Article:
From Saigon to Hanoi: By Bus, Train, and Flight

Which Is Best for Getting Around Vietnam?

View over Hanoi, Vietnam
LordRunar / Getty Images

Vietnam's oblong shape makes the overland journey from Saigon to Hanoi a long one. Fortunately, there are plenty of interesting stops along the way to break up the long journey. Among other places, many people choose to stop off in Nha Trang for some beach time, Hue for some culture and history, and Hoi An for the pleasant vibe and beautiful setting.

Beware: Transportation options between Saigon and Hanoi fill up quickly around large holidays such as Tet (January or February) and Chinese New Year -- book well in advance!

From Saigon to Hanoi by Bus

Both daytime and sleeper-style, long-haul buses clog the highway between the north and south. While traveling by bus is incredibly cheap, chaotic road conditions provide less scenery and far less sleep than you would get on the train.

Buses are also the slowest option for getting around. While they do provide some convenience -- many tourist companies will collect you right at your hotel and tickets are easy to book -- you'll spend hours waiting in Vietnam's terrible traffic to collect other passengers and get out of the city. Always add an hour or two to the estimated arrival time to compensate for rest stops and traffic.

Night buses have small, horizontal bunk beds and save you the expense for a night of accommodation. Unfortunately, between the swerving of the driver and the constant done of horns, you'll get little rest. Because passengers ride in a mostly horizontal position, many locals inevitably end up sick on buses; take Dramamine or try ginger if you are prone to motion sickness. Bunks are quite small and are too short for most average-height people to fully stretch out.

You can book tourist buses at your hotel or from any travel agency office -- there are many in the Pham Ngu Lao area in Saigon. Going directly to the bus office may save you the commission paid for a booking.

Note: Theft is a problem on overnight buses. Be careful of mobile phones and MP3 players which may disappear after you fall asleep.

  • Cost: $ (low)
  • Time: ★ (slow)
  • Comfort: ★ (low)
  • Convenience: ★ ★ ★ (high)
  • Scenery: ★ ★ (medium)

Take the bus only if you need to save money or want the greatest amount of convenience and flexibility. Don't expect to get much sleep on overnight buses!

From Saigon to Hanoi by Train

The most scenic way to see Vietnam while moving between points is by rail. The air-conditioned trains show some wear and tear, but they are fairly comfortable. You can have set meals delivered to your compartment or take advantage of food-and-drink carts. Crossing from Saigon to Hanoi by rail with no stops takes approximately 33 hours to cover the 1,056 miles on a sleeper-style train. If you wish to visit Hoi An along the way, you'll need to get off the train in Da Nang then travel approximately 18 miles south via bus or private car.

Sleeper trains come in the 'hard' and 'soft' varieties. Hard-sleeper cars -- the cheaper of the two options -- have six berths, meaning that you could be sandwiched between someone sleeping above and below you. Soft-sleeper cars are slightly more expensive but have only four people to each compartment. Luggage is kept with you for security. Simple bedding is provided. The cheapest train ticket, a 'soft seat,' provides you with only a reclining chair in a crammed car. While not luxurious, soft-sleeper trains are the most comfortable option for getting some sleep on the long journey.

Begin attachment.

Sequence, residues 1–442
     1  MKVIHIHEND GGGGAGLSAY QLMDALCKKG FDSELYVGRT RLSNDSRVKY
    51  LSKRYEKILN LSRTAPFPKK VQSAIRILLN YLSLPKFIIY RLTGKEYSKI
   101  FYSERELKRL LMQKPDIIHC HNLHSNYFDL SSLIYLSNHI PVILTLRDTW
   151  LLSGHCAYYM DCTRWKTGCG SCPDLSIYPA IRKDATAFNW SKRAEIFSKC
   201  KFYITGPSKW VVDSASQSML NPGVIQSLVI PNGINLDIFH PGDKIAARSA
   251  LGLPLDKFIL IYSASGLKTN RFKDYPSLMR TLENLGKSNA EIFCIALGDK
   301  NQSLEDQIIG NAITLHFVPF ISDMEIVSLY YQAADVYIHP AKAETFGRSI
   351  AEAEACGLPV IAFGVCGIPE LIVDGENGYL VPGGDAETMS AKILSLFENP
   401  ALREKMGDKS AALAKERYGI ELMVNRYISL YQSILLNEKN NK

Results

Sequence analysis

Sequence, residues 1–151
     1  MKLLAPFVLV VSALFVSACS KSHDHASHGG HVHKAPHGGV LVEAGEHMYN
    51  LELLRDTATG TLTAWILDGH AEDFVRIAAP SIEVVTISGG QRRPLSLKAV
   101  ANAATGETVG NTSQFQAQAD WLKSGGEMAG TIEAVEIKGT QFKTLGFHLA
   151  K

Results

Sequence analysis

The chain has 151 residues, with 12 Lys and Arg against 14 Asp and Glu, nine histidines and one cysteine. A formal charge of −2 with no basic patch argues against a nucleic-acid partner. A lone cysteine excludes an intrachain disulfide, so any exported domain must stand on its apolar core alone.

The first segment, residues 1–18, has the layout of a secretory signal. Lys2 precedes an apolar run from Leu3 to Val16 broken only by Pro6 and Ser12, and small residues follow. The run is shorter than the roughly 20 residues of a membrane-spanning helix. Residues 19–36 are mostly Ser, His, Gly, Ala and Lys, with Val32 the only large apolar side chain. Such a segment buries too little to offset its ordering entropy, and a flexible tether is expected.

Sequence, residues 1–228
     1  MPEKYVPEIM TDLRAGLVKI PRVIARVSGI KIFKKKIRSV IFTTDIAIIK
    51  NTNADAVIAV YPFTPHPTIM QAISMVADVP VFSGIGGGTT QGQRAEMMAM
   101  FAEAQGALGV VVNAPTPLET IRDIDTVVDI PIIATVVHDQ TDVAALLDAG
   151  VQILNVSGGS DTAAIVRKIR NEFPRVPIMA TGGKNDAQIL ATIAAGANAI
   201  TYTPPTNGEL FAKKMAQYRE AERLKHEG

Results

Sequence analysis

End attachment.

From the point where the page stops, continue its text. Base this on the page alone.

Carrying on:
You can purchase meal tickets on trains that cover a set meal delivered directly to your compartment. Alternatively, you can purchase drinks and snacks from carts that come around sporadically. Free boiling water is available on tap to make your own tea, coffee, or instant noodles.

While travel agencies and hotels can book tickets for a commission, the safest option is to book several days in advance directly at the train station. Tickets often get snatched up by resellers who know that tourists wait until the last minute to book. Some unsavory travel agents have been known to sell hard-sleeper train tickets for soft-sleeper prices. You won't be able to confront them once you are boarding your train and find out that you've been scammed!

  • Cost: $ $ (medium)
  • Time: ★ ★ (medium)
  • Comfort: ★ ★ (medium)
  • Convenience: ★ ★ (medium)
  • Scenery: ★ ★ ★ (high)

While still a time-consuming option, trains are the most scenic way to see parts of the Vietnam countryside normally inaccessible to tourists. You'll also arrive more rested.

From Saigon to Hanoi by Flight

If you're pressed for time, the quickest option for getting from Saigon to Hanoi is by flying. When booked in advance, the two-hour flight is usually less than US $100. Jetstar is usually the cheapest carrier between the two cities.

  • Cost: $ $ $ (high)
  • Time: ★ ★ ★ (fast)
  • Comfort: ★ ★ ★(high)
  • Convenience: ★ (low)
  • Scenery: ★ (low)

Flights are clearly the most practical choice for turning a 30-hour journey into a two-hour hop, but don't expect to see much along the way.